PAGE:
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wolflen

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Reply with quote  #46 
my take

At their best.."modes" are confusing...are they scales? Part of a scale? Are they keys? Part of a key..?  And why all the funny names..phrigian..dorian...lydian dominate..yikes!! And how do you know where & when to use them..and ..exactly what do they do??
This study..like most..involves a lot of time..patience and determination to use with some degree of confidence and skill...but I stress that a thorough knowledge of diatonic harmony ( in all keys) and knowing how to play standards and solo over them is a pre requisite

For me the "fusion" style of playing uses modes with the most effect.
 
Most of the players that play with that modal "sound" have the above knowledge under their fingers...Holdsworth, Mike Stein, McLaughlin play these lines as second nature...knowing exactly what they are playing will sound before they play it...

First thing is understanding how the harmony sets the framework for the use of modes...traditional diatonic harmony is replaced with what many call "static harmony"...

The quick and dirty of this type of playing is..your not going toward something (V to I) or away from something (I to V)... Your THERE...

The melody in many  "fusion" style progressions dictates the direction of the solos and what choice of modes a player uses.. not the chords that are being played over...

Listen to Miles Davis using this style of thinking on his work from "in a silent way" forward..many of his pieces have a sparse melodic theme that is set and the harmonic support may be a fast moving bass line that is punctuated by guitar/keyboard chords using upper partials of altered chords-that could be major, minor or dominate..that just color the background and are not used to move the piece in any direction...giving tremendous amount of space to solo over using "modes" because of their ability to be in the present melodic content and yet not define a key...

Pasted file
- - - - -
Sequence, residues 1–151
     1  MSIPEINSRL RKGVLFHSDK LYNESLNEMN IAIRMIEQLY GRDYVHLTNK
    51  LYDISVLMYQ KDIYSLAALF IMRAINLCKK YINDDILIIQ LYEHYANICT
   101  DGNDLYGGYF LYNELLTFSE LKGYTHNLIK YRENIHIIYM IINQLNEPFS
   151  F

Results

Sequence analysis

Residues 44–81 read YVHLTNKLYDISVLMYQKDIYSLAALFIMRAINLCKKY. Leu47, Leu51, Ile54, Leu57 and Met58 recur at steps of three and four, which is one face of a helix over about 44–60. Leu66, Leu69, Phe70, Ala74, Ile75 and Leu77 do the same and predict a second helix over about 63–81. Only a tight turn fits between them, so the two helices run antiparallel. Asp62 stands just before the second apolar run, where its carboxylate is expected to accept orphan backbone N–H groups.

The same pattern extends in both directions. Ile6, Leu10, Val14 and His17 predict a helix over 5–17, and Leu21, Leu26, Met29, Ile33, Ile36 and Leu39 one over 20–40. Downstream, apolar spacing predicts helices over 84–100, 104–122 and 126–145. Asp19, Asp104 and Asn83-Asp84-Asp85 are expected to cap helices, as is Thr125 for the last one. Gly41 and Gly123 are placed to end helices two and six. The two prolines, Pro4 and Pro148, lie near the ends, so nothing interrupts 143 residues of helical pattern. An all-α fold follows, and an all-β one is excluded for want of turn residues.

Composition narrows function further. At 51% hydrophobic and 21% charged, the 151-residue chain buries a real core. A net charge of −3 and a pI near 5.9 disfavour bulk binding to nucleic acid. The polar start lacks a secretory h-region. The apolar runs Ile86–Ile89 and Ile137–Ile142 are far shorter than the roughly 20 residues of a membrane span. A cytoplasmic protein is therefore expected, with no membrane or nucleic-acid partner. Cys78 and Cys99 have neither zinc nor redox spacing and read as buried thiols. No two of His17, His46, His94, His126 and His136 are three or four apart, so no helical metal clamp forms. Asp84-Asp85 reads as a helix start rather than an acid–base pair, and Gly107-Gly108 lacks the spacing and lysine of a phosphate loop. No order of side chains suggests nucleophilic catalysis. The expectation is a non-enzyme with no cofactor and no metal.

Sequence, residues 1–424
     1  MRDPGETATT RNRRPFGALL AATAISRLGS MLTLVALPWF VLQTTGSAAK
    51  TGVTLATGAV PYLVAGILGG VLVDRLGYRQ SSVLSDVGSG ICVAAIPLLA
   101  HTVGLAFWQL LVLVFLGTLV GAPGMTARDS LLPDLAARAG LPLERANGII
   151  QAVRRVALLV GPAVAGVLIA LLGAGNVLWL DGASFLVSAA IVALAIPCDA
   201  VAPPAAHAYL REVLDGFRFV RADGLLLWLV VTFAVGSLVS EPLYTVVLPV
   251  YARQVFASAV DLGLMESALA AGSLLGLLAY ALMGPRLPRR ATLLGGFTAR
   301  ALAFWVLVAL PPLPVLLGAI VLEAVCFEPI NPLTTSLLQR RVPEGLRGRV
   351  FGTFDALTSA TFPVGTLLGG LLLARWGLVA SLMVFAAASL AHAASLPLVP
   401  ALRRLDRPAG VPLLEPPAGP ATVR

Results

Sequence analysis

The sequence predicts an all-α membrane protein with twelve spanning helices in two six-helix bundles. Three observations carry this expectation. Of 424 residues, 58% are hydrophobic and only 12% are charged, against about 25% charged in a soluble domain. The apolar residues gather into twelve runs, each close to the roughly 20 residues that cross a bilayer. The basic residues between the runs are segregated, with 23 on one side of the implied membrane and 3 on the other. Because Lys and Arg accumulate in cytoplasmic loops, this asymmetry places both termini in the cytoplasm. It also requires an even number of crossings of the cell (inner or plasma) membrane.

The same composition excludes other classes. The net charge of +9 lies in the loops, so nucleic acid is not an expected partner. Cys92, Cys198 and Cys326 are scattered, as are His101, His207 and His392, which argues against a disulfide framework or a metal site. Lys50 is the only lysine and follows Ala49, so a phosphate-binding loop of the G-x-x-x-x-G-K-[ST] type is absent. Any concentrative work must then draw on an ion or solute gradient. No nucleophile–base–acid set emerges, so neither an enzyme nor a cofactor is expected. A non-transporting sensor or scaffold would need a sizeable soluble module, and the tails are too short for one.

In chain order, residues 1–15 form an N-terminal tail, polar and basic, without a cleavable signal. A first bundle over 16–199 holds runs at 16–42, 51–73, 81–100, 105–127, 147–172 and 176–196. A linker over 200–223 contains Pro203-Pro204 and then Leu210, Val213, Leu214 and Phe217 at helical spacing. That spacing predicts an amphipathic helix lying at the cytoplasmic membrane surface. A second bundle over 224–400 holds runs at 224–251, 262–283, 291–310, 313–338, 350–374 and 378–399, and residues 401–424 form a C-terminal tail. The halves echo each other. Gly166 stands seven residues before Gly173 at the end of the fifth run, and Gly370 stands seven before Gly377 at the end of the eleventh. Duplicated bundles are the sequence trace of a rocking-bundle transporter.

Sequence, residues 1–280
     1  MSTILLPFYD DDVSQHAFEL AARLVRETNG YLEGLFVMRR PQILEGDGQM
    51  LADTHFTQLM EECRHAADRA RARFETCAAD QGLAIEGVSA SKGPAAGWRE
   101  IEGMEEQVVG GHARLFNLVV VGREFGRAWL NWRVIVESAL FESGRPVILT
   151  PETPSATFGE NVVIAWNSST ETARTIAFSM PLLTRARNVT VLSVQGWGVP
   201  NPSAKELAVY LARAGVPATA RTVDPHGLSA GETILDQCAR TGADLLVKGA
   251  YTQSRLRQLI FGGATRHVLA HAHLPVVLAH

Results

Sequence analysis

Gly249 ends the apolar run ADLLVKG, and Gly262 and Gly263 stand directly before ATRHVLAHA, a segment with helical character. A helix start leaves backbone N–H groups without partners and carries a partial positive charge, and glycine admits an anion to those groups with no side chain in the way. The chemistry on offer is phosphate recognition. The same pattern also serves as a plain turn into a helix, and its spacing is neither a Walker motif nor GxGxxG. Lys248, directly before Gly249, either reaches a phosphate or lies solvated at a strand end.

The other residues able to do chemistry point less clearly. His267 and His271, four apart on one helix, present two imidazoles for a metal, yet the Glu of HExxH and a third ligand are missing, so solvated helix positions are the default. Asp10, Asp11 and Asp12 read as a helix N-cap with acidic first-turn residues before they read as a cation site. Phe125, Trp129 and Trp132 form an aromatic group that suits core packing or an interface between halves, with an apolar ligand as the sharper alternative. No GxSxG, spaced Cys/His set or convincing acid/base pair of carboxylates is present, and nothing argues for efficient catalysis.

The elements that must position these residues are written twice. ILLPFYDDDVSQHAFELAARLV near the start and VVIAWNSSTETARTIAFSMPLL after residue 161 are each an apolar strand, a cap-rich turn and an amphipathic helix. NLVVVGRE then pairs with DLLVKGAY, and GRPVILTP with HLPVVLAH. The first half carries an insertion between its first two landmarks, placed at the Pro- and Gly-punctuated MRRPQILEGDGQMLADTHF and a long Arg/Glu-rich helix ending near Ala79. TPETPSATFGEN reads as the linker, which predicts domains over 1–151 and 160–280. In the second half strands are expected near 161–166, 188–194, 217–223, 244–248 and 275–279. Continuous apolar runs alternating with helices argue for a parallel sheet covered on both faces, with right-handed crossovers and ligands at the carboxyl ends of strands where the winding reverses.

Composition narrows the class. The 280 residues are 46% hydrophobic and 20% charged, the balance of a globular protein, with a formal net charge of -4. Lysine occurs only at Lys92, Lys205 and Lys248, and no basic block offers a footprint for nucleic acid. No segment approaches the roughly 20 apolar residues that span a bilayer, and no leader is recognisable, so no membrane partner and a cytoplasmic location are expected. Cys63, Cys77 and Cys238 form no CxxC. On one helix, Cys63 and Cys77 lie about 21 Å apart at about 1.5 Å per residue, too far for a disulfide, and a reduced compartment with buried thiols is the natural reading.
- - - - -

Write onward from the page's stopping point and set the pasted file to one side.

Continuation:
This subject gets lost a bit without actual musical examples to see/hear how these forces work.

Play well
Wolf

dsindel

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Posts: 236
Reply with quote  #47 
Maybe I will scan and share Ted's Modal Chord Scale (Light to Dark) lesson sheet sometime with you guys? I would like to see some other Modal lesson sheets that Ted wrote out as well. 
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barbarafranklin

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Reply with quote  #48 
On page 3 of this thread (?)  I posted 2 pages Ted wrote about "tone color," a term which he preferred over "modes."   Ted felt that thinking in terms of modes could be confusing and confining, therefore he dropped the word from his vocabulary. 
The pages I posted give an overview and suggested used for tone color. 

Didn't anyone here notice these pages? 


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Barbara Franklin
dsindel

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Reply with quote  #49 
Sorry Barbara, I guess I missed that.
As of this writing I have read most of page 1 and 2 but not pg. 3.  lol

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barbarafranklin

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Reply with quote  #50 
's OK humble webmaster - I've not re-read the first two!   Your humble computer-clueless friend (Barbara)

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Barbara Franklin
dsindel

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Reply with quote  #51 
Quote:
's OK humble webmaster - I've not re-read the first two!   Your humble computer-clueless friend (Barbara)


That is funny Barbara 
Btw, you are doing great in keeping the Blog going....

You guys seen the blog yet????
Official Ted Greene Archives Blog

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